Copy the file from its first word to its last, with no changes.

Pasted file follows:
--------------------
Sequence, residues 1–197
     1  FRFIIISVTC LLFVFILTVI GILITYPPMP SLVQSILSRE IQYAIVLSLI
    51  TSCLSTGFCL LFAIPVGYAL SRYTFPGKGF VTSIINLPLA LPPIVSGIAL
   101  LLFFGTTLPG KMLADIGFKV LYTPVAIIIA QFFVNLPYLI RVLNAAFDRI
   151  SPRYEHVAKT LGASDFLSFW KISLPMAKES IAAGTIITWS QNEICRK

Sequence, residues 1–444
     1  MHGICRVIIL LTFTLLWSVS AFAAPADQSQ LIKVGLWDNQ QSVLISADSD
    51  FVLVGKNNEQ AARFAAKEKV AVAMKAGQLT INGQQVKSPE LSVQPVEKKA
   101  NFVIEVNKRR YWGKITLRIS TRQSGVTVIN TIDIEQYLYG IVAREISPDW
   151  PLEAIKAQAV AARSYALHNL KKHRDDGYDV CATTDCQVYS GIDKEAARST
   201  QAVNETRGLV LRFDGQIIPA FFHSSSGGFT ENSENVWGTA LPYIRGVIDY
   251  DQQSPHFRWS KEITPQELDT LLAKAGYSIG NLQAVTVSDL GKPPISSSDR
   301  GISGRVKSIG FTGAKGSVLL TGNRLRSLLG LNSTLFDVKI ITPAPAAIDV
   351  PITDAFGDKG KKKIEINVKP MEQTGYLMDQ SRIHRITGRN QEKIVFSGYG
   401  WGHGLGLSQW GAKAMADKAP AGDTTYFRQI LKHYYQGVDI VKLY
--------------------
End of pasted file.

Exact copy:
Sequence, residues 1–197
     1  FRFIIISVTC LLFVFILTVI GILITYPPMP SLVQSILSRE IQYAIVLSLI
    51  TSCLSTGFCL LFAIPVGYAL SRYTFPGKGF VTSIINLPLA LPPIVSGIAL
   101  LLFFGTTLPG KMLADIGFKV LYTPVAIIIA QFFVNLPYLI RVLNAAFDRI
   151  SPRYEHVAKT LGASDFLSFW KISLPMAKES IAAGTIITWS QNEICRK

Sequence, residues 1–444
     1  MHGICRVIIL LTFTLLWSVS AFAAPADQSQ LIKVGLWDNQ QSVLISADSD
    51  FVLVGKNNEQ AARFAAKEKV AVAMKAGQLT INGQQVKSPE LSVQPVEKKA
   101  NFVIEVNKRR YWGKITLRIS TRQSGVTVIN TIDIEQYLYG IVAREISPDW
   151  PLEAIKAQAV AARSYALHNL KKHRDDGYDV CATTDCQVYS GIDKEAARST
   201  QAVNETRGLV LRFDGQIIPA FFHSSSGGFT ENSENVWGTA LPYIRGVIDY
   251  DQQSPHFRWS KEITPQELDT LLAKAGYSIG NLQAVTVSDL GKPPISSSDR
   301  GISGRVKSIG FTGAKGSVLL TGNRLRSLLG LNSTLFDVKI ITPAPAAIDV
   351  PITDAFGDKG KKKIEINVKP MEQTGYLMDQ SRIHRITGRN QEKIVFSGYG
   401  WGHGLGLSQW GAKAMADKAP AGDTTYFRQI LKHYYQGVDI VKLY